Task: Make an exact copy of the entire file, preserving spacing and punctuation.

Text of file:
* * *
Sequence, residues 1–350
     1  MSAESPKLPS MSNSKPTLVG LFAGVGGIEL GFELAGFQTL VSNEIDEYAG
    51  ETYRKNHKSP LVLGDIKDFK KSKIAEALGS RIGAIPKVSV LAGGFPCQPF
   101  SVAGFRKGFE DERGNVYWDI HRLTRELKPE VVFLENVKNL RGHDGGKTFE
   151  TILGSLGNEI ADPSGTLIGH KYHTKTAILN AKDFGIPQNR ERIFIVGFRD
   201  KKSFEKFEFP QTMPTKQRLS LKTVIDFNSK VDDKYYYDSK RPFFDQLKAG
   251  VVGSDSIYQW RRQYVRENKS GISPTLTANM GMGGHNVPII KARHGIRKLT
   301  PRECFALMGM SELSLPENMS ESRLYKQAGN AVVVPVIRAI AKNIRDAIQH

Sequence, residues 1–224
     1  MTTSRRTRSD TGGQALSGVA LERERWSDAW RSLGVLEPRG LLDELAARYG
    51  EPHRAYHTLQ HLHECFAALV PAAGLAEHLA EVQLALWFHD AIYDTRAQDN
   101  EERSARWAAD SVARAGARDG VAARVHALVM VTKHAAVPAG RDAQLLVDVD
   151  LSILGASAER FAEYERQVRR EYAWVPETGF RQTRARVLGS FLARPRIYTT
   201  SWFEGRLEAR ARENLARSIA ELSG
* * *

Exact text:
Sequence, residues 1–350
     1  MSAESPKLPS MSNSKPTLVG LFAGVGGIEL GFELAGFQTL VSNEIDEYAG
    51  ETYRKNHKSP LVLGDIKDFK KSKIAEALGS RIGAIPKVSV LAGGFPCQPF
   101  SVAGFRKGFE DERGNVYWDI HRLTRELKPE VVFLENVKNL RGHDGGKTFE
   151  TILGSLGNEI ADPSGTLIGH KYHTKTAILN AKDFGIPQNR ERIFIVGFRD
   201  KKSFEKFEFP QTMPTKQRLS LKTVIDFNSK VDDKYYYDSK RPFFDQLKAG
   251  VVGSDSIYQW RRQYVRENKS GISPTLTANM GMGGHNVPII KARHGIRKLT
   301  PRECFALMGM SELSLPENMS ESRLYKQAGN AVVVPVIRAI AKNIRDAIQH

Sequence, residues 1–224
     1  MTTSRRTRSD TGGQALSGVA LERERWSDAW RSLGVLEPRG LLDELAARYG
    51  EPHRAYHTLQ HLHECFAALV PAAGLAEHLA EVQLALWFHD AIYDTRAQDN
   101  EERSARWAAD SVARAGARDG VAARVHALVM VTKHAAVPAG RDAQLLVDVD
   151  LSILGASAER FAEYERQVRR EYAWVPETGF RQTRARVLGS FLARPRIYTT
   201  SWFEGRLEAR ARENLARSIA ELSG